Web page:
As the week has gone on and the public has identified which advertisers were in the weekly paper — particularly thanks to data from the Guardian — many other companies have pulled the plug, including the Royal British Legion on Thursday morning.
Tesco, the UK’s largest food retailer, said it wanted the police investigation to take its course, even while people on Twitter and Facebook bombarded it with demands to pull its advertising.
The Co-operative Group confirmed it heard from members by email, phone and Facebook and Twitter while it was already reviewing its advertising, which it has now suspended.
Airlines, phone companies, Britain’s post office and others have all pulled their advertising. One parody story even joked about Fish Refusing to Be Wrapped in the News of the World.
Other social media suggestions have included canceling subscriptions to Sky TV (i.e., BSkyB) which News International is trying to buy, or avoiding shops that sell the paper.
And then late on Thursday afternoon, News International Chairman James Murdoch, the son of Rupert Murdoch, told staff that the good work of the paper had “been sullied by behavior that was wrong — indeed, if recent allegations are true, it was inhuman and has no place in our company.”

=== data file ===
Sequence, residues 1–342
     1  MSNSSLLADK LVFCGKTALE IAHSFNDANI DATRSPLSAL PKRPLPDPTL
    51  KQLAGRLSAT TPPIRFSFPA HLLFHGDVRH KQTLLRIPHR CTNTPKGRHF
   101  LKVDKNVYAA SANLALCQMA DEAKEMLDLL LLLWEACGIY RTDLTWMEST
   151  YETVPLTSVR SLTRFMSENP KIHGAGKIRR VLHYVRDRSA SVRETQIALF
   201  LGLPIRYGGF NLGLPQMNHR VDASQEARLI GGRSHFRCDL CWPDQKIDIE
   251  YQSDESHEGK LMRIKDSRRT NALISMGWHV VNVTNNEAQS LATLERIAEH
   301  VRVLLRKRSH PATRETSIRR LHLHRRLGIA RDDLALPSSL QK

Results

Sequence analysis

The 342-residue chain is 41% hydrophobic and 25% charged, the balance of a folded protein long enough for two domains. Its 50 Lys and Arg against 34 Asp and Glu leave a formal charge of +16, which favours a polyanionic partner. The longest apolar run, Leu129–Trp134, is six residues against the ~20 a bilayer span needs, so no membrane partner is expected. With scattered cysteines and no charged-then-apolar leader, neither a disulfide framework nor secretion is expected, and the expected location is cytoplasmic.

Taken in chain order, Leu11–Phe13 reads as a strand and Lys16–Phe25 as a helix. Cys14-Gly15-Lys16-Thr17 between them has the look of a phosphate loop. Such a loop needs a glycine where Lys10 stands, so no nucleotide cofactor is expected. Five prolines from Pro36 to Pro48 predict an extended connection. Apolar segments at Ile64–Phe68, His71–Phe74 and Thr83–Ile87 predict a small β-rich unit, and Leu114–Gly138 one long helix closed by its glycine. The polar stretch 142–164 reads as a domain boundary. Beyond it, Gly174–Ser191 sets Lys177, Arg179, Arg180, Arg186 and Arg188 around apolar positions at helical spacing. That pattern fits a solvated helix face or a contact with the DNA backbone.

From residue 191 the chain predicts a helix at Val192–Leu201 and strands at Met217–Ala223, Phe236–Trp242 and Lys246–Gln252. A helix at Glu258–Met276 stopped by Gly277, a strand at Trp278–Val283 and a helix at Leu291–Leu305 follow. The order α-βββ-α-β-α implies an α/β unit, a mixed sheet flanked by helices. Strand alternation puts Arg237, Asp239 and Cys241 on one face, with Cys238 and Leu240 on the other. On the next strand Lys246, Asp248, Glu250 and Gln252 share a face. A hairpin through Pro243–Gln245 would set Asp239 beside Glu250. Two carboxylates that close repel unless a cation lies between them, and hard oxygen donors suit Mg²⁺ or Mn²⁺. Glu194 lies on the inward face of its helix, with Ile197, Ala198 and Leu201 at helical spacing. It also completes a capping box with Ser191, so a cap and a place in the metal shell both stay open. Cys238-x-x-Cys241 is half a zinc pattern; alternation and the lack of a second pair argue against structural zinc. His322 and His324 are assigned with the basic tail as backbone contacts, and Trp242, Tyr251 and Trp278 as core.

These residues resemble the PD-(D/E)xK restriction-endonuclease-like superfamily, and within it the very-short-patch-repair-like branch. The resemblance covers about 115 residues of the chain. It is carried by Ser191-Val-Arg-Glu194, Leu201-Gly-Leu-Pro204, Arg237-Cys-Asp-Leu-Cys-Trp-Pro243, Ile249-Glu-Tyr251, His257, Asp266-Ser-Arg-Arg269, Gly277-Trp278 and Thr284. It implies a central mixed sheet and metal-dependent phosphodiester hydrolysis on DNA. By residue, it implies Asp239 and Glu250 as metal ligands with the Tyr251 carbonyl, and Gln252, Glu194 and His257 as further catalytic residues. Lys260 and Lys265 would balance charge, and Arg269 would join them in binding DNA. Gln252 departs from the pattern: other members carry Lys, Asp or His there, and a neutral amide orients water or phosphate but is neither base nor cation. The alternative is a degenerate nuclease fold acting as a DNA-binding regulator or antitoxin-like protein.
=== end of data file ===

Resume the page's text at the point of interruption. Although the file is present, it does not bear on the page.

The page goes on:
“The News of the World is in the business of holding others to account. But it failed when it came to itself,” he said.
Total sales for 10 Sunday papers were 9,082,065 as of April. That’s plummeted from 14,044,396 in October 2001, a drop of 35.3 percent. But the UK remains one of the most read newspaper markets in the world.
One non-press colleague said yesterday: “Everyone talks about freedom of the press. They’ve had their chance. Take it away.”
Hundreds of people have worked for the NOTW as staff, hundreds more as contributors, and thousands more have been willingly quoted in the paper.
The actions of a handful of reporters or those they hire does not in any way dissuade me from the importance of journalism, a free press or a “smart, fearless journalism,” as Mother Jones magazine aptly puts it.
Feeding the News Appetite
I personally don’t know any reporters who lack souls. We don’t exist in realms of black or white, good or evil. But I know all of us are under pressure to feed the ever-increasing news appetite, often within ever-shrinking offices of demanding companies with expectant shareholders.
In one case, a colleague was required to supply one story each week on “Harry Potter” author JK Rowling, no matter what. “No” wasn’t an answer to the boss — and the results were achieved perfectly legally.